The small town of Calexico, California, suffers disproportionately high air pollution because of its proximity to a major border crossing with Mexico, and the nearby industrial city of Mexicali, home to over 1 million, and highlights the difficulties in enforcing regulations applying to one country, at the border with another without the resources to legislate, or enforce legislation, to the same degree.
PM2.5 concentrations regularly exceed legislative limits, with the US EPA and California Air Resources Board noting that the county would have met PM2.5 standards were it not for emissions from, or relating to border crossings with, Mexico. To compound the problem, in addition to industrial and traffic emissions, the climate in the region is hot and dry, with resulting particle sources from both desert dust and resuspended particles from paved and unpaved roads, and agricultural (and other legal and illegal) burning also produces large quantities of smoke seasonally. Over 1 million vehicles make the crossing monthly, with 53% of PM2.5 emissions caused by traffic being delayed at the overburdened crossing points.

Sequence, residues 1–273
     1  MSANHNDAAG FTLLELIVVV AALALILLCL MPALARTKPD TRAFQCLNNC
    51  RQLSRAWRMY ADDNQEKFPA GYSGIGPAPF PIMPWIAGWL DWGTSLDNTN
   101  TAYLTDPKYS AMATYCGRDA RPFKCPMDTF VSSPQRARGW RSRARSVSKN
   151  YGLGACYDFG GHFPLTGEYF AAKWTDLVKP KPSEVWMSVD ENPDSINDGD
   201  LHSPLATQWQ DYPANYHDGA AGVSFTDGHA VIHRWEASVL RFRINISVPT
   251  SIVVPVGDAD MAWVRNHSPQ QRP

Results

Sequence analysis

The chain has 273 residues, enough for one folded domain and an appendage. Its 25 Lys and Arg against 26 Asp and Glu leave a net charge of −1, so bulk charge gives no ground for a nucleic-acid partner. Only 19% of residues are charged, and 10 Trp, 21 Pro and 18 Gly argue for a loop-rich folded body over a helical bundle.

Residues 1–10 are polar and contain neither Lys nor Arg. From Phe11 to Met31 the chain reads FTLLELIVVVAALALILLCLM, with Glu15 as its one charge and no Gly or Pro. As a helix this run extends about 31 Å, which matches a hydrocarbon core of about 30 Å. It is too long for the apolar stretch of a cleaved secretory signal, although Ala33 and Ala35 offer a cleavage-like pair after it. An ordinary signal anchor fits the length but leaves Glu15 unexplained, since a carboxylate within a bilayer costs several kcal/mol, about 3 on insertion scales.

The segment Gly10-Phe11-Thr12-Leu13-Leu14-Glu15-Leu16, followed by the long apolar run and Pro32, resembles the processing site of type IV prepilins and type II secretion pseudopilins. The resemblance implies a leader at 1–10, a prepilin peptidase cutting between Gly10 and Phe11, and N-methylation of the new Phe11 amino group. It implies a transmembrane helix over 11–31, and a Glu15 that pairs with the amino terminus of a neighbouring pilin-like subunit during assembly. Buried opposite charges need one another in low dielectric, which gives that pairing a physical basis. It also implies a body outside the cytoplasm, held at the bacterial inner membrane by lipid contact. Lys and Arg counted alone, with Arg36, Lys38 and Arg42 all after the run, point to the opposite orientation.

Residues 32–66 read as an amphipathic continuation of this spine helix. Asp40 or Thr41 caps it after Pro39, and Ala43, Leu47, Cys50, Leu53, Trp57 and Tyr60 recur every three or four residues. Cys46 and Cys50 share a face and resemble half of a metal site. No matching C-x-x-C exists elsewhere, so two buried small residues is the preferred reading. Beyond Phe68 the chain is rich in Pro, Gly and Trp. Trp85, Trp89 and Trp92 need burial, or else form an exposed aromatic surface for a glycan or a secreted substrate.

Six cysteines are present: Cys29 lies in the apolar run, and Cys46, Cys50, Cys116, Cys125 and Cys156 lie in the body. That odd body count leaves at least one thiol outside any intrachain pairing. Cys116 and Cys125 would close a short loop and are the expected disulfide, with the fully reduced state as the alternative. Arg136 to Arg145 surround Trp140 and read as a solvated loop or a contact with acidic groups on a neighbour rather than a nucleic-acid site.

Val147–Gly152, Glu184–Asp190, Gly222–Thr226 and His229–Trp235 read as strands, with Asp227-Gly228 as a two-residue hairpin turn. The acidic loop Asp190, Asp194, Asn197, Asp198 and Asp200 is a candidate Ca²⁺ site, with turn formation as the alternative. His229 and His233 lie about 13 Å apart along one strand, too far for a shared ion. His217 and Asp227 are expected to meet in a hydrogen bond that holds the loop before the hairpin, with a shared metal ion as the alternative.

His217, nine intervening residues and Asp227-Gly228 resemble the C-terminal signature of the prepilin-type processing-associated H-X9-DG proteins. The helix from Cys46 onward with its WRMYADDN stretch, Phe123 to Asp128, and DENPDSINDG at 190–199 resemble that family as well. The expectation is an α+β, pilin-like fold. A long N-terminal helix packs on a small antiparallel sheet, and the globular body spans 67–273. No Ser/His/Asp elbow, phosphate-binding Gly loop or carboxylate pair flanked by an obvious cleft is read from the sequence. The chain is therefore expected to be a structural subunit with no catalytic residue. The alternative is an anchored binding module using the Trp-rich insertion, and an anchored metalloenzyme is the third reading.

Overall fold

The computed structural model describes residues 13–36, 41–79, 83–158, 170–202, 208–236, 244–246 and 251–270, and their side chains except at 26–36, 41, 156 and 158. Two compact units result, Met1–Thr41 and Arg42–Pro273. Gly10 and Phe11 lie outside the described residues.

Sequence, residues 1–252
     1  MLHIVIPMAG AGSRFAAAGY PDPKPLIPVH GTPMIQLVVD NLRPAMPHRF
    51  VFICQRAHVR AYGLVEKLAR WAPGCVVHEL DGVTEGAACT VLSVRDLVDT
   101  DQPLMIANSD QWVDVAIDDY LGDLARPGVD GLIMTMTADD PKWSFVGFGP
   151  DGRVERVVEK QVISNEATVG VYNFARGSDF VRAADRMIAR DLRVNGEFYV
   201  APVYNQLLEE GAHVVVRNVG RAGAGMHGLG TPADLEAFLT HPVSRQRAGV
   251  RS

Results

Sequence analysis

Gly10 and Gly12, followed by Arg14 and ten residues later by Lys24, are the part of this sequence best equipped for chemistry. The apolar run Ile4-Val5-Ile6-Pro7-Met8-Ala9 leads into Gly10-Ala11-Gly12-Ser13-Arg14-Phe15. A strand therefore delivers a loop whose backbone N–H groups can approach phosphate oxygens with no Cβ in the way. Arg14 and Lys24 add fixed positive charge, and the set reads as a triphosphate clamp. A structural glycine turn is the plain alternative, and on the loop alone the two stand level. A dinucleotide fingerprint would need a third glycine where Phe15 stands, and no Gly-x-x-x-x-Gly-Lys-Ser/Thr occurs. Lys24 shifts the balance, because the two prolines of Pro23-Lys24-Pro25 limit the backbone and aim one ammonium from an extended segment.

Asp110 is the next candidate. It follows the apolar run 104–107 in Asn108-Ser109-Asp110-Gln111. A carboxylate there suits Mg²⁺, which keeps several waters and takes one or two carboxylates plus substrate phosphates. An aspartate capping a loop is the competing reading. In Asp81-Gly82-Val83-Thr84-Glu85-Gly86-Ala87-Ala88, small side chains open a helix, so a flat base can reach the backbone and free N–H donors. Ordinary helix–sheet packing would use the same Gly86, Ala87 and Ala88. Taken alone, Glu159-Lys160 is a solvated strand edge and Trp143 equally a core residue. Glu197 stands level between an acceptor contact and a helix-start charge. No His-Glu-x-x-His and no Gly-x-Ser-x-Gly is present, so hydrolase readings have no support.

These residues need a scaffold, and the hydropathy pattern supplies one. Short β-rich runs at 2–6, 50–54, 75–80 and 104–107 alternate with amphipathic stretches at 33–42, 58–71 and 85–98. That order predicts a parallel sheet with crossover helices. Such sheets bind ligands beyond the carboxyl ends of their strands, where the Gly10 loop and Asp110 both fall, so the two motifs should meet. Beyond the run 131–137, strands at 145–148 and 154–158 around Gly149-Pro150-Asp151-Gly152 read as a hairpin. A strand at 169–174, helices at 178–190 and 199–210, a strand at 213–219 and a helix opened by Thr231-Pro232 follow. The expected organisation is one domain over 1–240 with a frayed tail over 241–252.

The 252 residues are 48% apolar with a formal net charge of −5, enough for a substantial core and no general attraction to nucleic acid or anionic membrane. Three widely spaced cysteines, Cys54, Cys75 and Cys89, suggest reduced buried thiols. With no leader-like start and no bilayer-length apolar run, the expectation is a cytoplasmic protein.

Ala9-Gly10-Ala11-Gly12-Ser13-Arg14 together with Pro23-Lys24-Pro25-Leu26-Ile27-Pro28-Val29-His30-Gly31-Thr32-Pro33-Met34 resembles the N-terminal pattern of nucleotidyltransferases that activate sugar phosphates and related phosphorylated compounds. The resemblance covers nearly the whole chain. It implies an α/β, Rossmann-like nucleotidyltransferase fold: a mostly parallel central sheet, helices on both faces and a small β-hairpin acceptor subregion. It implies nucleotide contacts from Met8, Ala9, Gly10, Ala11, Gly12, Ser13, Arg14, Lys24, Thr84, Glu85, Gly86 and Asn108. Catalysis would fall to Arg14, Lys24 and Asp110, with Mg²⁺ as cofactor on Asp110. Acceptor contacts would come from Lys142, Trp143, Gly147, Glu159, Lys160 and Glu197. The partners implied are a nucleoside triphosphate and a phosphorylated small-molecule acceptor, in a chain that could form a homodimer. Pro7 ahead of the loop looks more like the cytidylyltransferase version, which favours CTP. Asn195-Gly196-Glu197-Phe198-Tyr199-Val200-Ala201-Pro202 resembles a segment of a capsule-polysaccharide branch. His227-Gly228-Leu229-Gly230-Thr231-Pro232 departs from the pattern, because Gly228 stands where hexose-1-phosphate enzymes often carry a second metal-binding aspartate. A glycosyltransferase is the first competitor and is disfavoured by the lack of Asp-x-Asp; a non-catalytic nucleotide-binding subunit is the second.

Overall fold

While the perception on the US side is sometimes that the problem is due to Mexican vehicles, a recent study pointed out that the average age of the US-registered vehicles was older, and that the differences in quality of fuel may be most to blame – Mexico’s gasoline sulphur fuel limit is 30 ppm, while the US will have a limit of 10 ppm from 2017. The US EPA is helping to improve the situation by providing funds for better air quality monitoring in Mexicali, and the Border 2020 Program, a bilateral program to improve the environment and public health on the US-Mexico border, although progress is slow.
Read the full story by Alejandro Davila Fragoso here